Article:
However, a change in market sentiment is not only affecting the direction of rates, but is also apparent in liquidity conditions across markets.  Tad Rivelle, CIO of TCW, presciently summarized this change in a note released Sept 5, nearly pegging the exact low in yields.

Key lines: But, “free money” not only makes loans cheap, it also erodes the capacity of lenders to ask for such reasonable terms as traditional loan covenants and basic financial disclosure.

Hence, not only have the debt markets ballooned in size, but the growth has come disproportionately from those segments of the debt market where financial disclosure is poor.

Importantly, this isn’t only the case in leveraged loans and corporate bonds.  It is also apparent in IPOs.  Recent issues like UBER and LYFT have been pasted, and the much anticipated WeWork IPO is now supposedly sporting a potential value of just 1/3rd the level of its last funding round at $15 billion vs $47 billion. Additionally, the depth in futures markets has dwindled significantly; perhaps not too surprising given delivered price volatility. 

Almost certainly after this FOMC there will be articles written questioning the credibility of the Fed.  I don’t know how many articles I have seen  over the years somberly concluding that the Fed had lost its way and thus, the market’s confidence.  I am sure I have been guilty of writing along those lines on past occasions.  However, what appears to be different now is a more widespread, and growing, perception that negative rates are doing more harm than good and have led to global overcapacity.  I.e. maybe it’s not a lack of final demand, maybe there are just too many widgets being produced.


I had mentioned during the week that if accounts needed a specific hedge against the Fed holding rates steady at this week’s FOMC, consider FFV9 9806.25 puts (which had been sold at 1.0 early in the week) or FFV9 9800 puts which I thought might even trade 0.5.  While I personally am 99% sure of a 25 bp cut, I can understand spending a little insurance money in this environment.  As it turned out, the 9806.25 p traded 10k on Friday, 1.5 to 2.0, and settled 2.0 ref FFV9 9810.5.  There is no open interest in FF options aside from these puts and a tiny bit in Oct 9800 and 9787.5p.  Fed Fund options ONLY trade for the binary FOMC event.  What is amazing is that FFV9 traded to 9810.5, having been as high as 9824.5 settle on 15-Aug.  I think 2.0 is too high to pay for the 9806.25p, but selling at 9810.5 is arguably a worse risk/reward than simple long puts.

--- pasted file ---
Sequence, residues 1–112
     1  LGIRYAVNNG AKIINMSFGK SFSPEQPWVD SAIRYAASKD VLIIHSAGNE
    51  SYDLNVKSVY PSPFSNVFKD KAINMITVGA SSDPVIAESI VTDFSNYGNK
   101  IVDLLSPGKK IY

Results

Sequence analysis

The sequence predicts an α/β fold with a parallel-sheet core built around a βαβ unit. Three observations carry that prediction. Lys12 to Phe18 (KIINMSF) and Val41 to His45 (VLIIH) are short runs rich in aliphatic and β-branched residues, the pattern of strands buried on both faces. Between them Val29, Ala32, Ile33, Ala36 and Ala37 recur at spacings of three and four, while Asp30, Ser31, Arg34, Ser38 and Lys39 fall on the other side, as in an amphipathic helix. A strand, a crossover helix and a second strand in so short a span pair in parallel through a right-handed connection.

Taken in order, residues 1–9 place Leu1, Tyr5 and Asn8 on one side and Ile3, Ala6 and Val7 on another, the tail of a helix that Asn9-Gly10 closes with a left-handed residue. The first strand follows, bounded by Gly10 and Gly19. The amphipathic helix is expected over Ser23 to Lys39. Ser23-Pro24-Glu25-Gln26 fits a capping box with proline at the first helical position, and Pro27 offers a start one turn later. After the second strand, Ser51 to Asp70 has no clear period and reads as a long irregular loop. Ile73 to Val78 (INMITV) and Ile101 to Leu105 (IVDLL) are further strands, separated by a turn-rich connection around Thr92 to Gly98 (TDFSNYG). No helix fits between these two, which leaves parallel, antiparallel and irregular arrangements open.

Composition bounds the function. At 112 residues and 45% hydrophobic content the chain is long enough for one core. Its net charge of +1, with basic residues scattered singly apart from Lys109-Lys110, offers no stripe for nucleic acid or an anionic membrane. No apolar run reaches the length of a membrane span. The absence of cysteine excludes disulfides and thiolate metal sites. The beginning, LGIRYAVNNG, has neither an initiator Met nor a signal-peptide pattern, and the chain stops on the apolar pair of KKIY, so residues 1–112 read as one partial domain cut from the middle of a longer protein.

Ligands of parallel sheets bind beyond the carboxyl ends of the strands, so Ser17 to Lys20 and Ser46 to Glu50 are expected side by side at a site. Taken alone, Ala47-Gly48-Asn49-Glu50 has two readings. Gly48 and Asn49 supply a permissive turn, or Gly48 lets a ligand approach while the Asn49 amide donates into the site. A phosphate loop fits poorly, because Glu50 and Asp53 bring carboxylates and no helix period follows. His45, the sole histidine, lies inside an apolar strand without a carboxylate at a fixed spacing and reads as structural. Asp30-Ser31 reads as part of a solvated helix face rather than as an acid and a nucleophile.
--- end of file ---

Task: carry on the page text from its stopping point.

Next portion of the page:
Dec’19 eurodollars have broken hard with everything else and settled 9794.5, down 18 on the week and 31.5 from the high settle on Aug 15.  The spread to the expiring EDU9 contract is only -9.25 bps.  EDZ9 to FFF0 settled at a new high of 38.5 bps.  Two factors are at play: the risk that the Fed signals that this week’s ease is the last one, and the risk that year-end funding pressures are accentuated. 

While I thought the ten year cash yield would test just over 2% in the near term, the attacks on Saudi oil infrastructure can change the picture in a hurry.  With just 5 trading days to go, the Oct TY atm straddle (128.5^ vs 128-18.5) settled 59/64’s.  That’s amazing given that atm TY straddles have recently traded that level with 5 WEEKS to go.  A bid for the safety of US treasuries is only a drone attack away…

9/6/2019 9/13/2019 chg
UST 2Y 152.6 180.0 27.4
UST 5Y 141.8 174.9 33.1
UST 10Y 155.0 189.6 34.6
UST 30Y 202.1 237.0 34.9
GERM 2Y -87.0 -70.7 16.3
GERM 10Y -63.8 -44.9 18.9
JPN 30Y 20.9 33.5 12.6
EURO$ Z9/Z0 -59.0 -40.5 18.5
EURO$ Z0/Z1 -8.0 -6.5 1.5
EUR 110.31 111.57 1.26
CRUDE (1st cont) 56.52 54.85 -1.67
SPX 2978.71 3007.39 28.68
VIX 15.00 13.74 -1.26
Posted on September 15, 2019 at 1:22 pm by alexmanzara · Permalink
In: Eurodollar Options

Leave a Reply